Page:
But Dench’s love for languages soon turned her focus from the stage to the past. Learning French at age 8 was “unbelievably amazing,” she recalled. Studying Latin a few years later, she said, was “even better.” As a teenager, reading “Antigone” in its original Greek proved more challenging. “It almost killed me,” said Dench during an interview in her University Hall office. “I despaired.” But her stubborn side refused to yield. “I had to crack Greek.”Intending to be an Egyptologist and study hieroglyphics, Dench’s interests shifted at Oxford. While completing the first part of her classics degree, she wrote a paper about Tacitus, a senator and historian of the Roman Empire, and began to see history as more than just political narratives and significant dates.“I realized history might be about working out where people are coming from, what are they thinking — what they think about this, that, and the other. I got a really high grade on that exam paper, and I thought that might be the direction that I might go.”Go she did. Her Oxford dissertation became her 1995 book “From Barbarians to New Men: Greek, Roman, and Modern Perceptions of Peoples from the Central Apennines.” In 2005 she published “Romulus’ Asylum,” which examines the multicultural nature and origins of the ancient empire. Her forthcoming book is titled “Empire and Political Cultures in the Roman World.”Having served as interim dean at GSAS, Dench knows that challenges are part of the job. In the wake of a recent story in the Chronicle of Higher Education, in which a number of women accused Faculty of Arts and Sciences Professor Jorge Dominguez of sexual harassment, Smith announced the University’s decision to place Dominguez on administrative leave. He subsequently announced that he will retire at the end of the semester and immediately resign from his administrative duties. In response to the Chronicle coverage, Dench sent a message to students, affirming GSAS’s commitment to creating an inclusive community free from harassment and discrimination, and outlining the resources available to students.Ensuring people’s voices are heard “is essential,” as is a visible institutional reaction, said Dench of the University’s efforts to encourage people to come forward and share their experiences with discrimination, and to support a zero-tolerance policy on sexual harassment and discrimination at Harvard. Those two things, said Dench, “have to go hand in hand.”One path toward equality is through a more diverse faculty, said Dench, who supports the appointments of more women and underrepresented minorities to tenured and tenure-track professorships. She envisions “disciplines slowly reinventing themselves when faculty are diversified. It’s an intellectual need as well as a social and behavioral one.”She also will be monitoring the unionization effort initiated by some GSAS students that could affect student from all the Schools. The National Labor Relations Board will hold a second election next month after setting aside the outcome of a 2016 vote. That decision followed an appeal that argued the voter lists were inadequate. (In the first election, the tally was 1,526 against unionization and 1,396 in favor.)“As was the case in 2016, Harvard is 100 percent committed to ensuring a fair election,” said Dench of the vote scheduled for April 18 and 19. Dench hopes voters will examine all sides of the argument and explore in detail “what operating as a bargaining unit would mean and what possible alternatives would mean, and weigh them both before casting a vote. I also want to see as close to 100 percent of the eligible students voting this time.”As permanent dean, Dench said she will continue to play a key role in the “culture shift that we are seeing” at Harvard and beyond involving discrimination and harassment, and will support the needs of graduate students in a changing world.“I want to take a holistic approach to graduate education, reaching out across disciplines, helping students develop secondary fields, and sometimes helping them make the transition to non-academic careers, which I think is going to be crucial in the near to medium future.” Dench’s early trips to the ancient pool and to prehistoric sites (including landmarks that may have involved human sacrifice) both terrified and intrigued the child, whose fixation with mortality began at age 5. “I thought everybody lived to 100, and so I would think I’ve only got 95 years to live.”The exposure “to this very ancient history fed my morbidity,” she said, and her curiosity, laying the foundation for her lifelong love of antiquity. Throughout her career, Dench has used her historian’s eye to explore how the Greeks and the Romans viewed other cultures and in turn how those civilizations viewed themselves. She sees such scholarship as offering up important lessons that will be useful in her new role.“I would never advise anyone to be like the Romans, but I would tell them to use the problems that the Romans grappled with to better understand how we grapple with our own,” said Dench, who did exactly that during an elective M.B.A. course at Harvard Business School (HBS) in 2015 that she taught with HBS Professor Frances Frei. The pair used writings by Julius Caesar, Marcus Aurelius, and Seneca the Younger, among others, to spark class discussions with aspiring CEOs about ambition, power, and leadership.“Absolutely every ancient writing about the Roman empire is grappling with the sorts of issues that any organization grapples with. What is leadership? How do you develop a sense of direction? How do you develop a strategy? How do you advance a mission? In the Roman case, that usually comes down to just a few people, or even one person. Then you have to think about how to reconcile that with consensus, the collective good, and a much more holistic vision of how to move forward.”When it comes to making big decisions, Dench always returns to one simple question: “Why not?” In taking on the interim dean position last year, she said she knew “it would be interesting” and that she would “learn a lot about Harvard, and a lot about myself.” After nearly a year in the job, she has also learned how much she loves teamwork and helping students succeed at every level.“I am so invested in the academic and personal welfare of graduate students,” she said.Dench holds a bachelor’s, master’s, and a doctor of philosophy degree in ancient history from the University of Oxford. She taught classics and ancient history at Birkbeck College, University of London, before coming to Harvard in 2007 with a joint appointment in classics and history. She has received numerous awards for excellence in teaching and mentoring.Yet Dench’s life could have taken quite a different turn had she chosen the family profession. Her father was the well-known Shakespearean actor Jeffery Dench. Her aunt is Dame Judi Dench, who won the Academy Award for best supporting actress for her turn as Queen Elizabeth I in the 1998 film “Shakespeare in Love” and is perhaps best known for her no-nonsense take as “M,” the head of the intelligence service in James Bond films.The familial experience “was an intense sibling rivalry, like many others, except it played itself on a global stage,” the dean said, laughing.Her own early acting forays included the role of the little girl in “Toad of Toad Hall,” a stage adaption of the children’s novel “The Wind in the Willows,” with her co-star, the mole, played by the young David Suchet (who later found fame playing the Belgian detective in the British mystery series “Agatha Christie’s Poirot”). The young Dench also starred opposite her famous aunt in an avant-garde 1968 movie version of “A Midsummer Night’s Dream,” with Judi cast as the fairy queen Titania, and Emma as Peaseblossom, one of Titania’s fairy attendants. She doesn’t remember much about the shoot, except that it was filmed in a muddy wood during a chill British November, and that she was “painted green from head to toe.” “Absolutely every ancient writing about the Roman empire is grappling with the sorts of issues that any organization grapples with. What is leadership? How do you develop a sense of direction? How do you develop a strategy? How do you advance a mission?” — Emma Dench By her own account, Emma Dench was a strong-willed child who was fascinated with mortality, with languages, and with roaming the English countryside exploring ancient churches and ruins during her father’s travels with the Royal Shakespeare Company.It was one particular jaunt to South West England when she was 7 that helped set Dench on her career path to the past.“I learned to swim in a Roman bath. It was amazing. I had been trying to swim for ages, and I actually cracked it there, in Bath,” said Dench, McLean Professor of Ancient and Modern History and of the Classics at Harvard and interim dean of Harvard’s Graduate School of Arts and Sciences (GSAS).On July 1, Dench will take on the deanship full time, and in the process turn her attention from studying the past to planning the future.Dench will replace Xiao-Li Meng, the Whipple V. N. Jones Professor of Statistics, who was dean for five years and is stepping down to join the Harvard Data Science Initiative.“Emma’s distinguished scholarship and her deep devotion to teaching, learning, mentoring, and helping undergraduate and graduate students excel at Harvard and beyond has been the hallmark of her tenure as McLean Professor of Ancient and Modern History and of the Classics, and as interim dean of the Graduate School of Arts and Sciences,” said Michael D. Smith, Edgerley Family Dean of the Faculty of Arts and Sciences.“In her short time as interim dean, she has won the respect of her faculty colleagues and GSAS staff with her thoughtful outreach, her steady guidance, and her ability to forge creative and practical solutions to meet the needs of students. She is a proven leader whose broad appreciation of the needs of students, nuanced understanding of the School’s operations and challenges, collaborative approach, dedication, and commitment will help further the GSAS’s mission of advancing knowledge and innovation, supporting groundbreaking research, and prepping graduate students for success beyond Harvard’s gates.”“Emma Dench is an inspired choice to lead the GSAS. She is deeply committed to teaching and learning, and to supporting students and faculty who engage every day in the work of developing ideas, expanding understanding, and advancing discovery,” said Harvard President Drew Faust. “It also has been a pleasure to work alongside Xiao-Li Meng to advance some of the highest ideals of higher education. He brought to the role a keen awareness that the women and men of GSAS represent the future of knowledge and, indeed, the future of universities.” “In her short time as interim dean, she has won the respect of her faculty colleagues and GSAS staff with her thoughtful outreach, her steady guidance, and her ability to forge creative and practical solutions to meet the needs of students.” — Michael D. Smith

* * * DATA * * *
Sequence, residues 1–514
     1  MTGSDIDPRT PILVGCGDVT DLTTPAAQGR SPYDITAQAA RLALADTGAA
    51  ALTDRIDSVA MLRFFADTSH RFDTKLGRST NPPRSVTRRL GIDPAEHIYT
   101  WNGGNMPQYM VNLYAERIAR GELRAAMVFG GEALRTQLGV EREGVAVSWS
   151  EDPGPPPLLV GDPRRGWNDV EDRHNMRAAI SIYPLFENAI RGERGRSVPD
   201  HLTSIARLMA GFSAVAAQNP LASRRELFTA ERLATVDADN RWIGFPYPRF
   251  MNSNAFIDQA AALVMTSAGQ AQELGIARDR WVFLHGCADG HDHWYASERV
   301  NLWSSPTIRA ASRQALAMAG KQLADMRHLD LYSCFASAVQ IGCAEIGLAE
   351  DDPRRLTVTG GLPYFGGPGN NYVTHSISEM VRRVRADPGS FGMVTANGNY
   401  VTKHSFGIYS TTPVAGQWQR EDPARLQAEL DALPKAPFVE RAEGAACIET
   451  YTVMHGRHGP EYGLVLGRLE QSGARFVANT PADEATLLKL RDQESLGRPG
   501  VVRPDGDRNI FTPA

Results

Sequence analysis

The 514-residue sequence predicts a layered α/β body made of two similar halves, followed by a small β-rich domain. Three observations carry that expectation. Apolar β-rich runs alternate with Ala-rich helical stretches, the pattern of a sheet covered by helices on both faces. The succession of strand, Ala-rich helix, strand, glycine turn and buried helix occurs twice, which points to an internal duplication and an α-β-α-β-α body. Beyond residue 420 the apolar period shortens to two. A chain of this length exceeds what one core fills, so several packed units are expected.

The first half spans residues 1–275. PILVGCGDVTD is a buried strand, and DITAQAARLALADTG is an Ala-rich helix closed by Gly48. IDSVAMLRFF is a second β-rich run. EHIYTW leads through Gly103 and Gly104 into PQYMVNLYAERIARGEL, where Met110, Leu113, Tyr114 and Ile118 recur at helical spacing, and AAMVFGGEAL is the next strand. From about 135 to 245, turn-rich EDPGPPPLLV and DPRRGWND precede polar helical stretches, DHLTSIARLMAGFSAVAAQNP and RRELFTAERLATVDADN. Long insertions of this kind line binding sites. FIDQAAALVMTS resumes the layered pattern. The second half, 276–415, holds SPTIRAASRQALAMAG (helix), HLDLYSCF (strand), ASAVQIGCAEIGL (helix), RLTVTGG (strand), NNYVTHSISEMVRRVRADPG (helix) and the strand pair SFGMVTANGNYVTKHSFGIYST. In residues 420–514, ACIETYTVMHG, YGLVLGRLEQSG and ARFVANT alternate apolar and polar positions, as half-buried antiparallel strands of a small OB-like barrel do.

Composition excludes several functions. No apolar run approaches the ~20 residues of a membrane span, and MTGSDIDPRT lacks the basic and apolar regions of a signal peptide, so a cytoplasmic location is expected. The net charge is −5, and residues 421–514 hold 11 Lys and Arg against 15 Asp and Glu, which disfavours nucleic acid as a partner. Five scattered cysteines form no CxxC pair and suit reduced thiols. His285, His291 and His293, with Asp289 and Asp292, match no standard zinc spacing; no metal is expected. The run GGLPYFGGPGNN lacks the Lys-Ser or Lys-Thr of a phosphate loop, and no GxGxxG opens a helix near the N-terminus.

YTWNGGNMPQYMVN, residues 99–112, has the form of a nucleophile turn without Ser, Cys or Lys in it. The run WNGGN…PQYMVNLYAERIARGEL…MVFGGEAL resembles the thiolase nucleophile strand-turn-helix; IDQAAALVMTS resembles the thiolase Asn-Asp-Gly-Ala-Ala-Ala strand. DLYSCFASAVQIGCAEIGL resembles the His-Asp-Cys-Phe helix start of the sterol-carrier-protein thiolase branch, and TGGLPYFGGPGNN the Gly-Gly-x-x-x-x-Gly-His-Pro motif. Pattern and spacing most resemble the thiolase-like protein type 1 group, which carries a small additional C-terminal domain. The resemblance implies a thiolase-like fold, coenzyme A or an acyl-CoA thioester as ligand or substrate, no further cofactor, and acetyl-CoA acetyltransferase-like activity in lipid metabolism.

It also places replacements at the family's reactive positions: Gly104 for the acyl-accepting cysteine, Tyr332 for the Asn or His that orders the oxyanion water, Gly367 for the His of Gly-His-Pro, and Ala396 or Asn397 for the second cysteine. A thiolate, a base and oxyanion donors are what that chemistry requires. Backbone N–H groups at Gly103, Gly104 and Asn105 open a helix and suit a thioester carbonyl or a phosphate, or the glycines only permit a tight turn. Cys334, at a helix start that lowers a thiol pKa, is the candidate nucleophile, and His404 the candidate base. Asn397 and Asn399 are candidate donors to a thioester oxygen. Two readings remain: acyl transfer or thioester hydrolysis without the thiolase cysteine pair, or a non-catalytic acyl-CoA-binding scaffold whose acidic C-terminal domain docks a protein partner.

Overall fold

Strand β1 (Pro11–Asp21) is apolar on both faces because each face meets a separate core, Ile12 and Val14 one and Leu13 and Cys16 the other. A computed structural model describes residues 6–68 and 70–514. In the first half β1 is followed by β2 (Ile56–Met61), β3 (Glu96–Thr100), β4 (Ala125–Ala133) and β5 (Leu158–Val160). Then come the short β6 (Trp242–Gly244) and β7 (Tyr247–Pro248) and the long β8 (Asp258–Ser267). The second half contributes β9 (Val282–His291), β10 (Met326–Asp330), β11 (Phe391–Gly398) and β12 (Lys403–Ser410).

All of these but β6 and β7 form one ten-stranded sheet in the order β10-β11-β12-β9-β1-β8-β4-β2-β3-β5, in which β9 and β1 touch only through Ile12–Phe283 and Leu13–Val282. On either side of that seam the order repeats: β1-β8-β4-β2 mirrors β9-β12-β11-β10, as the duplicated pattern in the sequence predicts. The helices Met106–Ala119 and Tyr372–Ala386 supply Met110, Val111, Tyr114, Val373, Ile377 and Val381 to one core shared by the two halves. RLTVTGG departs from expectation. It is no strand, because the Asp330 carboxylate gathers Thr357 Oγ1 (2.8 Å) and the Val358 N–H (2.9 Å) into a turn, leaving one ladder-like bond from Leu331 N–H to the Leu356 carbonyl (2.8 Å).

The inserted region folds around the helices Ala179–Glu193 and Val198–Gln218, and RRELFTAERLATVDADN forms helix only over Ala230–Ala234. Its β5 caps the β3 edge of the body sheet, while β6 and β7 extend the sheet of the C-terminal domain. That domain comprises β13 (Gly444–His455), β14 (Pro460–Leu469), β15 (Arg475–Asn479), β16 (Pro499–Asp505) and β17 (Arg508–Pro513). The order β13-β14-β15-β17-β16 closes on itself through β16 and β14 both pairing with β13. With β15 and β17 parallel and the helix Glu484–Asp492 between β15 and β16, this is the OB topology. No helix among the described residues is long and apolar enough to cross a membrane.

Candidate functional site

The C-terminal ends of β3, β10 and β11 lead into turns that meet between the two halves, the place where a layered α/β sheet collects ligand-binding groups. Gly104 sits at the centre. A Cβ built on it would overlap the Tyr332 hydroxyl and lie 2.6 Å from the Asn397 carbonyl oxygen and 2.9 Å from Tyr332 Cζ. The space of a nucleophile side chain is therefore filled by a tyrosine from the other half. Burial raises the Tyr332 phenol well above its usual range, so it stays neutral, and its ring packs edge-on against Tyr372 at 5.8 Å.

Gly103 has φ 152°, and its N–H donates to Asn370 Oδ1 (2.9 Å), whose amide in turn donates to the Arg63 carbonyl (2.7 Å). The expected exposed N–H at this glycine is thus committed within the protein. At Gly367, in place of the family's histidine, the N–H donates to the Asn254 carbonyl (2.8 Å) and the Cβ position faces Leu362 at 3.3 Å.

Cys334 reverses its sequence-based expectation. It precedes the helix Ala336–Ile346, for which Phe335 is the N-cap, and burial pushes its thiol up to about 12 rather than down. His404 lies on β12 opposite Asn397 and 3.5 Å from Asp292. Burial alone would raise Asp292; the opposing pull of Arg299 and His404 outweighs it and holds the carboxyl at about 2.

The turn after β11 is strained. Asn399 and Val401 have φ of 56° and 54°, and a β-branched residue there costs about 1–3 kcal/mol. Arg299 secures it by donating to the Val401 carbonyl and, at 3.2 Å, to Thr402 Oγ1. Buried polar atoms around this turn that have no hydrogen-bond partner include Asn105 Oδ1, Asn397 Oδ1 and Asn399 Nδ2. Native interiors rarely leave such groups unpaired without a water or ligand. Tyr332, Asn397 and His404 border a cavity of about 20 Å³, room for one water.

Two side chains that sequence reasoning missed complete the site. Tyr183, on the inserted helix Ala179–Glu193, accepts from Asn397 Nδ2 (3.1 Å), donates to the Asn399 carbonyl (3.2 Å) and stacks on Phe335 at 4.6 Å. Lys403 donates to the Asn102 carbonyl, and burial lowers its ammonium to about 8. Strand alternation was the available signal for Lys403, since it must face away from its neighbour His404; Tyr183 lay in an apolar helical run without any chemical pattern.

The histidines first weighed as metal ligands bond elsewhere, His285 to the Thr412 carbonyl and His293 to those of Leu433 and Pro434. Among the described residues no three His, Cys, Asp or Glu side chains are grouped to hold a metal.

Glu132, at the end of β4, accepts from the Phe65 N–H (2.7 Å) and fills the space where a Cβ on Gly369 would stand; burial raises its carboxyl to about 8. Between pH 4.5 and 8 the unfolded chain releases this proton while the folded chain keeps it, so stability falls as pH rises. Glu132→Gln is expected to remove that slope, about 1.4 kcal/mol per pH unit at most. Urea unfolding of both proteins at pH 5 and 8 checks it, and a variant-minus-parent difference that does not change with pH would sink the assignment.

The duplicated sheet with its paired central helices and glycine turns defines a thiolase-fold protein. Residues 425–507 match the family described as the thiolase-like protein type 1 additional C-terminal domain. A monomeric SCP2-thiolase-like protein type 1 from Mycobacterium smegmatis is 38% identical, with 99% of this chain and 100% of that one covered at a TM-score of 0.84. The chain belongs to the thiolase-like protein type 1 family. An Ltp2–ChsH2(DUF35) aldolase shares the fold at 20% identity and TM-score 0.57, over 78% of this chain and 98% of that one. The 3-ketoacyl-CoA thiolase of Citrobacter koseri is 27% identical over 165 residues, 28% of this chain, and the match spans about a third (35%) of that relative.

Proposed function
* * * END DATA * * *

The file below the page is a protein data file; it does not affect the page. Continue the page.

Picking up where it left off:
Editor’s Note: This story is the first installment in a two-part series on University President Emeritus Fr. Theodore Hesburgh’s legacy at Notre Dame. This series is also the final installment in the “From the Office of the President” series. He befriended popes and presidents. His name is on the University library. Time Magazine featured him on its cover. He served on the Civil Rights Commission and stood hand-in-hand with Martin Luther King Jr. during the 1960s. Women can earn a Notre Dame degree because of him. But at the beginning of it all, University President Emeritus Fr. Ted Hesburgh didn’t want the job. “[Being president was] the last thing in the world I wanted to do, and I was not aching to get these big jobs,” Hesburgh said. “I just wanted to teach and be in the hall and work for the students. That’s literally what I had in mind of what I was going to spend my life doing. And I come back here, and within six or seven years, I wind up being president. “That to me was not exactly a gift from heaven.” Hesburgh had begun his studies at Notre Dame in 1934 and completed his undergraduate degree in philosophy at the Gregorian University in Rome in 1939. When he returned to Notre Dame in 1945, he was a priest interested in teaching theology and working as a rector in Farley Hall. By 1952, he was the 15th president of Notre Dame. He was 35 years old. In a recent interview with The Observer, Hesburgh, now 95, reflected on the change of plans that took him from a young theology professor to the office on the top of a library that bears his name and towers over the campus he helped build. “We were not a very great university at that time,” Hesburgh said. “We had a miserable little budget of about $7 million. Today, it’s $7 billion.” When Hesburgh first assumed the mantle of University president, the job was much different. The Congregation of Holy Cross governed Notre= Dame and ran many of its daily operations. The University president also acted as the superior of all the order’s priests on campus, and he was limited to two three-year terms in office. After Hesburgh completed his two terms in office, he said the congregation removed him from the position of superior that could by canon law only be held for six years. But he remained in the Office of the President. “At the end of six years, they said, ‘Keep on going,’” Hesburgh said. “And I went on for almost 40 years.” In 1967, the congregation relinquished official control of the University and turned its leadership over to a Board of Trustees, a mixed group of lay and religious members. With the change, Hesburgh said Notre Dame truly became a “self-propelled” establishment. “[The Congregation of Holy Cross] owned the University, insofar as anybody owns the University, but they turned it over to become an autonomous corporation,” Hesburgh said. “They took it lock, stock and barrel and turned it over to this new corporation called the University of Notre Dame du lac.” The Board of Trustees was not the only addition to Notre Dame during Hesburgh’s term. “We needed all kinds of buildings,” Hesburgh said. “We needed arts buildings, we needed science buildings, we needed laboratories, we needed playing fields, we needed everything. While Hesburgh added 40 new buildings to campus during his time at Notre Dame, his first order of business was hiring new deans to lead the University’s academic life to a new level. “You need absolutely first-rate deans who can reach out and attract faculty to transfer to Notre Dame, and once they get here, they can work with [those faculty] to increase … in their fields,” he said. “And that’s what happened. I mean today, I’d say the people that were teaching when I first became president could never get a job here.” Grants from the Ford Foundation and other organizations began the growth in fundraising and financial development that would skyrocket during Hesburgh’s tenure. During his 35 years, Hesburgh grew Notre Dame’s endowment from $9 million to $350 million, according to the University website. “The Ford Foundation got into a developmental program developing some promising colleges to grow into great universities,” he said. “We were one of the original five or six picked out.” Hesburgh credited the work of his fellow administrators, especially former executive vice president Fr. Ned Joyce. “The best friend I had was Edmund P. Joyce, Fr. Ned Joyce,” Hesburgh said. “He was a superb companion because first he was very smart, and on top of that he had knowledge that I didn’t have. He was a [certified public accountant], and he was also a big sporting fan so he knew about athletics.” Joyce retired from his position in 1987, the same year as Hesburgh. When the two retired, Hesburgh was the longest-tenured university president in the United States, according to the University website. His long time in office, so different than the life he planned for himself as a young theology professor, has been a blessing in disguise, Hesburgh said. “With continuity, everything moves,” Hesburgh said. “With discontinuity, everything changing every three or four years, you’re not going anywhere. One guy just gets started, and he’s changed with somebody else, and he just gets started, and you don’t have that continuous thrust upwards. But we had people around so long that we were part of a continual upward effort. “By and large, we are a fully-built, equipped, manned – and womaned – university. And it’s been a terrific growth.” Tomorrow: University President Emeritus Fr. Ted Hesburgh on keeping the door open to students.